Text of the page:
US20070287552A1 (en) * 2006-06-07 2007-12-13 Sri Sports Limited Hollow metal golf club head and method for manufacturing the same
US20080039233A1 (en) * 2006-08-14 2008-02-14 Chen Archer C C Structure of face member and neck of housing member of golf club head
US20080051215A1 (en) * 2006-12-22 2008-02-28 Roger Cleveland Golf Co., Inc. Golf club head
US20080102975A1 (en) * 2006-10-27 2008-05-01 Chen Archer C C Connection structure of housing and bottom plate of golf club head
US20080102976A1 (en) * 2006-10-30 2008-05-01 Chen Archer C C Golf head
US20080167140A1 (en) * 2002-12-11 2008-07-10 Taylor Made Golf Company, Inc. Golf club head having a composite crown
US20080261720A1 (en) * 2007-04-20 2008-10-23 Bridgestone Sports Co., Ltd. Golf club head
US20080293512A1 (en) * 2007-05-22 2008-11-27 Chen Archer C C Two-piece type wood golf club head
US20090036230A1 (en) * 2001-06-11 2009-02-05 Taylor Made Golf Company, Inc. Method for manufacturing and golf club head
US20090069113A1 (en) * 2007-09-06 2009-03-12 Sri Sports Limited Golf club head
US20100151962A1 (en) * 2008-12-16 2010-06-17 Breier Joshua G Two piece club construction apparatus and method
US20110065528A1 (en) * 2009-09-15 2011-03-17 Callaway Golf Company Multiple material golf club head and a method for forming a golf club head
US20110092311A1 (en) * 2002-12-11 2011-04-21 Taylor Made Golf Company, Inc. Golf club head having a composite crown
US20120157229A1 (en) * 2010-12-20 2012-06-21 Bridgestone Sports Co., Ltd. Golf club head and method of manufacturing thereof
US20130281229A1 (en) * 2012-04-24 2013-10-24 Chi-Hung Su Wood golf club head
US8956244B1 (en) * 2012-06-08 2015-02-17 Callaway Golf Company Golf club head with center of gravity adjustability
US20180104547A1 (en) * 2016-10-14 2018-04-19 Callaway Golf Company Golf Club Head With Hosel Support Structure
US20180178089A1 (en) * 2016-12-27 2018-06-28 Dunlop Sports Co. Ltd. Golf club head

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JP2003210625A (en) * 2002-01-28 2003-07-29 Sumitomo Rubber Ind Ltd Golf club head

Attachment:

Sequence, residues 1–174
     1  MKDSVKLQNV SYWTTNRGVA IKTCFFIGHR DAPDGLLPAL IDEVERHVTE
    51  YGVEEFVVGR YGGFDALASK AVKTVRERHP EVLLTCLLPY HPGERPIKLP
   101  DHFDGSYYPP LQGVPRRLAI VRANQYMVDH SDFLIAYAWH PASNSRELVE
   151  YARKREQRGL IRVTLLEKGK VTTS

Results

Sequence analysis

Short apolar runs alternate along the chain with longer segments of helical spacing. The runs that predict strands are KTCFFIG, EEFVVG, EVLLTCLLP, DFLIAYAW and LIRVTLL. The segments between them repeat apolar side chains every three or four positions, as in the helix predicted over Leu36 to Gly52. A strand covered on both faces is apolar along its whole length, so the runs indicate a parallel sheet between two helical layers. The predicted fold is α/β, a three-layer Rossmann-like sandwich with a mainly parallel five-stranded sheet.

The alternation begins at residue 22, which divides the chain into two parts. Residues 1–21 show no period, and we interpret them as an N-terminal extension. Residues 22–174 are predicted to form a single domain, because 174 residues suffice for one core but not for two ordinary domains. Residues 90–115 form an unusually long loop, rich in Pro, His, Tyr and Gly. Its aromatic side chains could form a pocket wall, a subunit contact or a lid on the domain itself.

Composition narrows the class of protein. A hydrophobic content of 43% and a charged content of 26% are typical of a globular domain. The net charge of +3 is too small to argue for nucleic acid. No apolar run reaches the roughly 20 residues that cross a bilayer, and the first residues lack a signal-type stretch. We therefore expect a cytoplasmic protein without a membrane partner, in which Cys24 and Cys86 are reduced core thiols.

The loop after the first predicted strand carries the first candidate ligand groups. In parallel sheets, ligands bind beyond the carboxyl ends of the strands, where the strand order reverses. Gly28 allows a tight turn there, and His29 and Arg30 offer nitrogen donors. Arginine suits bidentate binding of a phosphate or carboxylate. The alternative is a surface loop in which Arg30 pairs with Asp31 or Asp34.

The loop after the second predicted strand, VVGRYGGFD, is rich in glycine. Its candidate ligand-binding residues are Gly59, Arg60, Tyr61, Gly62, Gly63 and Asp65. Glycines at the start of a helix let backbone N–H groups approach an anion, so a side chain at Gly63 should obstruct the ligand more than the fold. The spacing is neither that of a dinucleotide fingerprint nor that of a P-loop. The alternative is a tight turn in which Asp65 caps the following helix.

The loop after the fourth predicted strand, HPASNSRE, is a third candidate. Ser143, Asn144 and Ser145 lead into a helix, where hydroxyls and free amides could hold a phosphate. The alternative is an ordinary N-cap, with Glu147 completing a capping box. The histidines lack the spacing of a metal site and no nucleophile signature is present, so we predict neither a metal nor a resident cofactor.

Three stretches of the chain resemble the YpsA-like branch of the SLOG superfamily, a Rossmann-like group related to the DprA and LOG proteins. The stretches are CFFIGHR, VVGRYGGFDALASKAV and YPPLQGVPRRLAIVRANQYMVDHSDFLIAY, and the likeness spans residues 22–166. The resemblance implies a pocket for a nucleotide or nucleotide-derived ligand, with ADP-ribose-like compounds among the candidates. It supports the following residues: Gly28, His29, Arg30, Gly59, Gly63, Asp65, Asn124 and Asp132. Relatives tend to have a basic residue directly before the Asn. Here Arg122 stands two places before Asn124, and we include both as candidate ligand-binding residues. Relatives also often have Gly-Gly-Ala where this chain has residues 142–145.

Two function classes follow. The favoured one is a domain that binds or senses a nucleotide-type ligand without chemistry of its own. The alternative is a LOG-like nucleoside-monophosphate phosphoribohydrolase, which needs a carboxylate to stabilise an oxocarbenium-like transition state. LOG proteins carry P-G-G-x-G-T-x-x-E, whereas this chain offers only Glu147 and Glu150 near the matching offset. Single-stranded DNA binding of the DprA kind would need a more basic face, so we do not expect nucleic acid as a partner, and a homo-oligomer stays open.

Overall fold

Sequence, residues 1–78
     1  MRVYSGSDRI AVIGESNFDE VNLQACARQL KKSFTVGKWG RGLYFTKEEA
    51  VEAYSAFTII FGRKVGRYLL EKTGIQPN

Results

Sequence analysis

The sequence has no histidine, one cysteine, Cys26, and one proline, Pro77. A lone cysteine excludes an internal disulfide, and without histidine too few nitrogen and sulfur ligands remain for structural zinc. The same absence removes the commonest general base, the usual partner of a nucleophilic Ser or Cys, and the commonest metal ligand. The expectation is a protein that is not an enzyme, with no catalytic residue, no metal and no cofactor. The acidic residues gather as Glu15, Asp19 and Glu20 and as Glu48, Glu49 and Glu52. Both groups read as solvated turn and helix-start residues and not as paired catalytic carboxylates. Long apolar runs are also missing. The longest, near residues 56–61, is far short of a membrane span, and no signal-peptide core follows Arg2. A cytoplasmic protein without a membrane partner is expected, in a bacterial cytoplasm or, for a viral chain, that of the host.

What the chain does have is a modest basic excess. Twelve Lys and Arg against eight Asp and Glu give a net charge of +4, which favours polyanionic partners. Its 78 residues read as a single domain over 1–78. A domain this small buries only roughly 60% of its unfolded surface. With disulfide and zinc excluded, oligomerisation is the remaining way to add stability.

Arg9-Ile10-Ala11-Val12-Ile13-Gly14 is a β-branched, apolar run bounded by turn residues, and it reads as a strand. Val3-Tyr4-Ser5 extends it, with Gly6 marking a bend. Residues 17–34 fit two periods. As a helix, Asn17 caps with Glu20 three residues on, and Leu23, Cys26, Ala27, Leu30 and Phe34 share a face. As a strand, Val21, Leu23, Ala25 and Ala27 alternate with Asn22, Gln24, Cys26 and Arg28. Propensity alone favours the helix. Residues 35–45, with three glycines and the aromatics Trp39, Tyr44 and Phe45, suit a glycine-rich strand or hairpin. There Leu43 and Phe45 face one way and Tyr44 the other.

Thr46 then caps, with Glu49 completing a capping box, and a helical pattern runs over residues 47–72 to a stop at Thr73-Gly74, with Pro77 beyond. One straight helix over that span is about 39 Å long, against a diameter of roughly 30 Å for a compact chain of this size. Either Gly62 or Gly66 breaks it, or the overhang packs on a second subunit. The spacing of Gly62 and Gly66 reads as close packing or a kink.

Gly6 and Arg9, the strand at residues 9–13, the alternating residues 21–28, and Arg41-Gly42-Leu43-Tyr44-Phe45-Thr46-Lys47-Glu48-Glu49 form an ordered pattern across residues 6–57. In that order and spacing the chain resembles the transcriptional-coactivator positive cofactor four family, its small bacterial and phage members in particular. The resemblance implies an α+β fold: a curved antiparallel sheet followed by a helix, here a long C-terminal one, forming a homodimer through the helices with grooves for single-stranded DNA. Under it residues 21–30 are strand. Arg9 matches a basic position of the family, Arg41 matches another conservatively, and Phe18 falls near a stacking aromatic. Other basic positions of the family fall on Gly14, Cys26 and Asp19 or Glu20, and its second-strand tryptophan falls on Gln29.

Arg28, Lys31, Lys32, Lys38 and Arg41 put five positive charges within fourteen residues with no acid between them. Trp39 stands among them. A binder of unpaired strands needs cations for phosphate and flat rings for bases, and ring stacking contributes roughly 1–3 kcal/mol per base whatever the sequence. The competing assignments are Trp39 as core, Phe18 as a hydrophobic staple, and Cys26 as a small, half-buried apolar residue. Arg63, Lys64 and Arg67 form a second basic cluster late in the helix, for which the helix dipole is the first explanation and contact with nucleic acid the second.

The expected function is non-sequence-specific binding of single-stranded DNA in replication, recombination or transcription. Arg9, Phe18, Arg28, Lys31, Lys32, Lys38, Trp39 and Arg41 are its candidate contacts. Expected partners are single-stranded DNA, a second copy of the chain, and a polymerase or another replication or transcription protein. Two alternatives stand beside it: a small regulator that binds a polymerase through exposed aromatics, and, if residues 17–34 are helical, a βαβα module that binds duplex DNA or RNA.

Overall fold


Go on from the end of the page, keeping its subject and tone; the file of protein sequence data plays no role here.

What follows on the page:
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US20060223653A1 (en) * 2004-12-06 2006-10-05 Macgregor Golf Company Golf driver having titanium alloy head and flexible shaft
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JP2007029710A (en) * 2005-06-20 2007-02-08 Sri Sports Ltd Golf club head and method for manufacturing the same
US7785214B2 (en) 2008-11-26 2010-08-31 Sri Sports Limited Golf club head
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JP5736985B2 (en) * 2011-06-13 2015-06-17 ブリヂストンスポーツ株式会社 Manufacturing method of golf club head
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US10232233B2 (en) 2001-06-11 2019-03-19 Taylor Made Golf Company, Inc. Golf club head
US20090036230A1 (en) * 2001-06-11 2009-02-05 Taylor Made Golf Company, Inc. Method for manufacturing and golf club head
US8579726B2 (en) 2001-06-11 2013-11-12 Taylor Made Golf Company, Inc. Method for manufacturing and golf club head
US9579549B2 (en) 2001-06-11 2017-02-28 Taylor Made Golf Company, Inc. Method for manufacturing and golf club head
US9908015B2 (en) 2001-06-11 2018-03-06 Taylor Made Golf Company, Inc. Golf club head
US7704164B2 (en) 2001-06-11 2010-04-27 Taylor Made Golf Company, Inc. Method for manufacturing and golf club head
US20050119068A1 (en) * 2002-12-02 2005-06-02 Kenji Onoda Golf club head and manufacturing method thereof
US7128664B2 (en) * 2002-12-02 2006-10-31 Mizuno Corporation Golf club head and manufacturing method thereof
US20080167140A1 (en) * 2002-12-11 2008-07-10 Taylor Made Golf Company, Inc. Golf club head having a composite crown
US7854364B2 (en) * 2002-12-11 2010-12-21 Taylor Made Golf Company, Inc. Golf club head having a composite crown
US10252122B2 (en) 2002-12-11 2019-04-09 Taylor Made Golf Company, Inc. Golf club head having a composite crown
US20110092311A1 (en) * 2002-12-11 2011-04-21 Taylor Made Golf Company, Inc. Golf club head having a composite crown
US8096896B2 (en) 2002-12-11 2012-01-17 Taylor Made Golf Company, Inc. Golf club head having a composite crown
US9839821B2 (en) 2002-12-11 2017-12-12 Taylor Made Golf Company, Inc. Golf club head having a composite crown
US8287402B2 (en) 2002-12-11 2012-10-16 Taylor Made Golf Company, Inc. Golf club head having a composite crown
US8568248B2 (en) 2002-12-11 2013-10-29 Taylor Made Golf Company, Inc. Golf club head having a composite crown
US9452325B2 (en) 2002-12-11 2016-09-27 Taylor Made Golf Company, Inc. Golf club head having a composite crown
US7252599B2 (en) * 2004-03-24 2007-08-07 Sri Sports Limited Golf club head